Galapagos Islands Holiday: Snorkeling in the Galapagos Islands


Snorkeling in the Galapagos

The Galapagos Islands are well-known as a worldwide mecca for scuba divers, but what is often lost is the fact that you don’t need to be SCUBA certified to enjoy the dazzling marine wildlife: snorkeling is a great way to see the wonders of the sea and is enjoyable for all ages!

What Might You See

Galapagos is teeming with marine life and a lucky snorkeler might have a close encounter with anything from a hammerhead shark to a penguin, an octopus to a diving booby or sea lion. Almost all snorkelers are certain to see many common reef fish, such as parrot fish, brightly colored wrasses and schools of surgeonfish. Stingrays are very common: look for them in sandy areas near the shore. Sea turtles are also a common sight: the best way to increase your chance of seeing one is to look for seaweed beds where they might be feeding.

Lucky snorkelers will see white-tipped reef sharks, the most common in Galapagos, in deeper waters. Spotted eagle and manta rays also like deeper waters. Sharp-eyed snorkelers might see one of several varieties of disguised fish such as frogfish and scorpion fish blending into their colorful surroundings.

What You Need to Know

Galapagos features numerous sites for snorkeling, some easy and some challenging. Many islands offer off-the-shore snorkeling: this is the easiest, as you can come and go if you get tired and the currents aren’t a factor. Unfortunately, close to a sandy shore is likely to offer the least variety of marine life, although you may also get lucky and spot a sea lion or some rays.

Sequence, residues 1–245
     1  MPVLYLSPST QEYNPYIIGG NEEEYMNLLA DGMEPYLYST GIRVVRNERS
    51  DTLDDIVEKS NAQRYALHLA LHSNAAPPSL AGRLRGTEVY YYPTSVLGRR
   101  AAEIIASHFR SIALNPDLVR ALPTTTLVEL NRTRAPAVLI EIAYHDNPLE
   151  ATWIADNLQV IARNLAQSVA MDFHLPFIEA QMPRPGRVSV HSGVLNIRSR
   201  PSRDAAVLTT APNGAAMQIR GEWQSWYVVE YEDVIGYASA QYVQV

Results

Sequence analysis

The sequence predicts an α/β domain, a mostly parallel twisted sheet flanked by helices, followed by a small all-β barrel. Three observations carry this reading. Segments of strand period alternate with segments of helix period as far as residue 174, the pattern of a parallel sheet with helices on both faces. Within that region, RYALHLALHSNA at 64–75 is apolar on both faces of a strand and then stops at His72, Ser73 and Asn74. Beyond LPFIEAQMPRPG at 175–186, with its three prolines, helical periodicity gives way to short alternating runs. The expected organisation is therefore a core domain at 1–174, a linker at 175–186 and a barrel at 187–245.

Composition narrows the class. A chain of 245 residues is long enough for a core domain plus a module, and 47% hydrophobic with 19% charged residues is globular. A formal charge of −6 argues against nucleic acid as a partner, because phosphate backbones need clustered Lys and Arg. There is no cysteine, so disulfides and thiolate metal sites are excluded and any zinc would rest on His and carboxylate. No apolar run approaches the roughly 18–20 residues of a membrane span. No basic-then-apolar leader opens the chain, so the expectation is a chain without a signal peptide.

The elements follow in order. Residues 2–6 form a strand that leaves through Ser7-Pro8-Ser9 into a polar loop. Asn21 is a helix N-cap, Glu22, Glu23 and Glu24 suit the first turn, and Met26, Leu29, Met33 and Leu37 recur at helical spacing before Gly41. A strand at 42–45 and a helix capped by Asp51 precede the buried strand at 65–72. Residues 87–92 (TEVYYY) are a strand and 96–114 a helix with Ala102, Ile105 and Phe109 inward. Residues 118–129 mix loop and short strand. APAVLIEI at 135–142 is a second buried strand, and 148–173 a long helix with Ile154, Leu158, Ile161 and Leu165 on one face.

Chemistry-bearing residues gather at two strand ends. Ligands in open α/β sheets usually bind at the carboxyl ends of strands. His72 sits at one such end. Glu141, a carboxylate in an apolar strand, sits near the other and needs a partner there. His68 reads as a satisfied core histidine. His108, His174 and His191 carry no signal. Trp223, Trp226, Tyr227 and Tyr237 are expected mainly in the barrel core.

Protected wall swims are best for intermediate snorkelers. Many islands have a cliff where they met the water, as opposed to a sloping, sandy beach. Islands with good places to snorkel along the wall are Rabida, Isabela and Genovesa. These walls are largely protected from currents and winds, and you can see a wide variety of sea life off of one of the walls.

Deep-water rocks are best for very good swimmers. In some places around Galapagos, there are isolated rocks in the middle of the ocean, such as Devil’s Crown, Turtle Rock and Kicker Rock. You can get near the rocks and swim around them, often seeing some fantastic wildlife such as sharks, rays, eels, large fish and more. These sites are known for strong currents and the water is often cooler than it is closer to shore.


Most ships provide snorkeling gear – fins, mask and snorkel – and have wetsuits for rent. The range of sizes and quality of the equipment can depend on the specific cruise, but in general the more luxurious the boat, the better the gear they have to offer. With fins, generally up to a size 12 or 13 men’s are offered on the boat. If your feet are much larger, you may want to pack your own.

Your mask should be snug but not too tight. The ideal mask keeps the water out but won’t give you a headache from squeezing your head. It should have a rubber or silicone covering for the nose and feel fairly comfortable when it is on.

If you decide to bring your own gear, give it a test before your trip to make necessary adjustments and become familiar with its fit. There are a variety of snorkel options: the fancier ones are worth a look, as they do a better job of allowing you to breathe and keeping water out. Ask your travel agent about the equipment provided on your cruise.



Talk to your guides before going; Ask them what to wear and what to look for. Take their advice seriously: if you’re not a good swimmer, you have no business swimming around Devil’s Crown. When snorkeling, stick close, as sharp-eyed guides will be able to point out things you may have missed.

If you have an underwater camera, be sure to bring it. Galapagos has many wonderful opportunities for underwater photographers.



It’s your turn to be dazzled by the superb underwater life in the Galapagos! Ask one of our knowledgeable trip advisors about snorkeling on your cruise. Begin planning your once-in-a-lifetime Galapagos adventure today.


About galapagosexpert

A free lance writer, diver, photographer and citizen of the world, based in the Galapagos Islands.
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